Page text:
Iran: Holocaust cartoon competition launched in Charlie Hebdo backlash

Iran's President Hassan Rouhani has denounced the attack in Paris, but many Muslims remain angry at the satirical depiction of the Prophet Mohammad.Reuters

Two Iranian institutions have launched a cartoon competition centred on the theme of Holocaust denial following outrage over those published by Charlie Hebdo.

Iran's House of Cartoon and the Sarcheshmeh Cultural Complex are offering a $12,000 prize to the winner, with $8,000 and $5,000 for the two runners up.

It is the second time the competition has been held; the first was in response to Danish newspaper Jyllands-Postens publishing cartoons depicting the Prophet Muhammad in 2006.

"Why is it acceptable in Western countries to draw any caricature of the Prophet Muhammad, yet as soon as there are any questions or doubts raised about the Holocaust, fines and jail sentences are handed down?" Shojaei-Tabatabaii, director of the House of Cartoon, said at the time.

"It is surprising that they allow disrespect toward different religions with insulting pictures and there is no reaction to them in the West, but when people question the Holocaust, they adopt such a stance toward it.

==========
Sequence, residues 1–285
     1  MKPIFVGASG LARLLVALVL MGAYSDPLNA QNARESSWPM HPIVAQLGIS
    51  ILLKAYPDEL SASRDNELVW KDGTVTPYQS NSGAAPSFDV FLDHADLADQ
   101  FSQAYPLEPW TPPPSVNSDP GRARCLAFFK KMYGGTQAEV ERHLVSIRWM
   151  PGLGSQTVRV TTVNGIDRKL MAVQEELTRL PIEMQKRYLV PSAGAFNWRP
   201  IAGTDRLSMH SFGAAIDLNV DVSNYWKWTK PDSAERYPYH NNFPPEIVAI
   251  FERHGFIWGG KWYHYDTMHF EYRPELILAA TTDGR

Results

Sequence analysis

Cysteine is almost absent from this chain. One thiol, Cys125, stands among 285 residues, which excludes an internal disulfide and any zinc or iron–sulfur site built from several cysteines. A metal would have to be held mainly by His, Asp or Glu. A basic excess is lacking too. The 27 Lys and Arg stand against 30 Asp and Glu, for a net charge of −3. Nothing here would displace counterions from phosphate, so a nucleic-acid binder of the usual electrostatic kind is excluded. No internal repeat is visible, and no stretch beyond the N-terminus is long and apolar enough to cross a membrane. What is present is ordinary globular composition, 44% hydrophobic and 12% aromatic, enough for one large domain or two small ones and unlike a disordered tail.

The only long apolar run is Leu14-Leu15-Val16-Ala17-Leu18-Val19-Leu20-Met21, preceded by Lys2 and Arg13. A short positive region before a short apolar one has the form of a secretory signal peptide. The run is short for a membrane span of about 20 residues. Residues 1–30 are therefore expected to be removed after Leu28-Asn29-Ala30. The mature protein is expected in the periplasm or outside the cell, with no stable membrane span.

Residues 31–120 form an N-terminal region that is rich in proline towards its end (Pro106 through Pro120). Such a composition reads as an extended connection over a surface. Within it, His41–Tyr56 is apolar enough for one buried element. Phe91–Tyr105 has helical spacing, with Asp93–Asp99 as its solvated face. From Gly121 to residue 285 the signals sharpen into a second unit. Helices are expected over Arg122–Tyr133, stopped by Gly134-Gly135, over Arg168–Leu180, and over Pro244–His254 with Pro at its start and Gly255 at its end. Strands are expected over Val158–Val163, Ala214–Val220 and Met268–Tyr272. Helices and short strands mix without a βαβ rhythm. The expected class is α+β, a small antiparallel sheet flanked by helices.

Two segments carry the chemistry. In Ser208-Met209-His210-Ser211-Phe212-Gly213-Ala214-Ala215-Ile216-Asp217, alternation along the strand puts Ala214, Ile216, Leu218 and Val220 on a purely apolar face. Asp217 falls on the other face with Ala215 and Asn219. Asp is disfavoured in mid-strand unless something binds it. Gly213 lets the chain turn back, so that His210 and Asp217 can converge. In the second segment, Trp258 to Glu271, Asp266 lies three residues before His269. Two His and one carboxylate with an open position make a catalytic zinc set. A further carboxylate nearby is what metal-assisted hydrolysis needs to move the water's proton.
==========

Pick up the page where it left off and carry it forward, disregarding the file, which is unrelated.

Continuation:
"The freedom of speech that the Westerners talk about is nothing more than a slogan."

17 journalists were killed by jihadists at the offices of satirical magazine Charlie Hebdo on 7 January in Paris in retaliation of cartoons featuring the Muslim Prophet. The murders sparked debates about the freedom of speech and the right to satirise religion.

Iranian President Hassan Rouhani denounced the attack, saying: "Those who kill and carry out violent and extremist acts unjustly in the name of jihad, religion or Islam provoke Islamophobia whether they wish it or not".

"Violence and terrorism is reprehensible whether in this region, in Europe or in the United States," Rouhani added.

However, a spokeswoman for the country's foreign minister said that the Charlie Hebdo cover, printed a week after the violence, "insults Islam and also causes extremism between religions".

The cover, showing the Prophet Muhammad holding a 'Je suis Charlie' sign under the banner "Tout est pardonné (All is forgiven), triggered protests throughout many Muslim-majority countries, including Pakistan, Jordan and Algeria. Bishops in Niger were forced to suspend activities at Catholic schools, health care facilities and charities after dozens of churches were subject to arson attacks and at least 10 people were killed.

The second International Holocaust Cartoons Contest will end on April 1. The best entries will go on show at the Palestine Museum of Contemporary Art in Tehran, in addition to several other places across the city.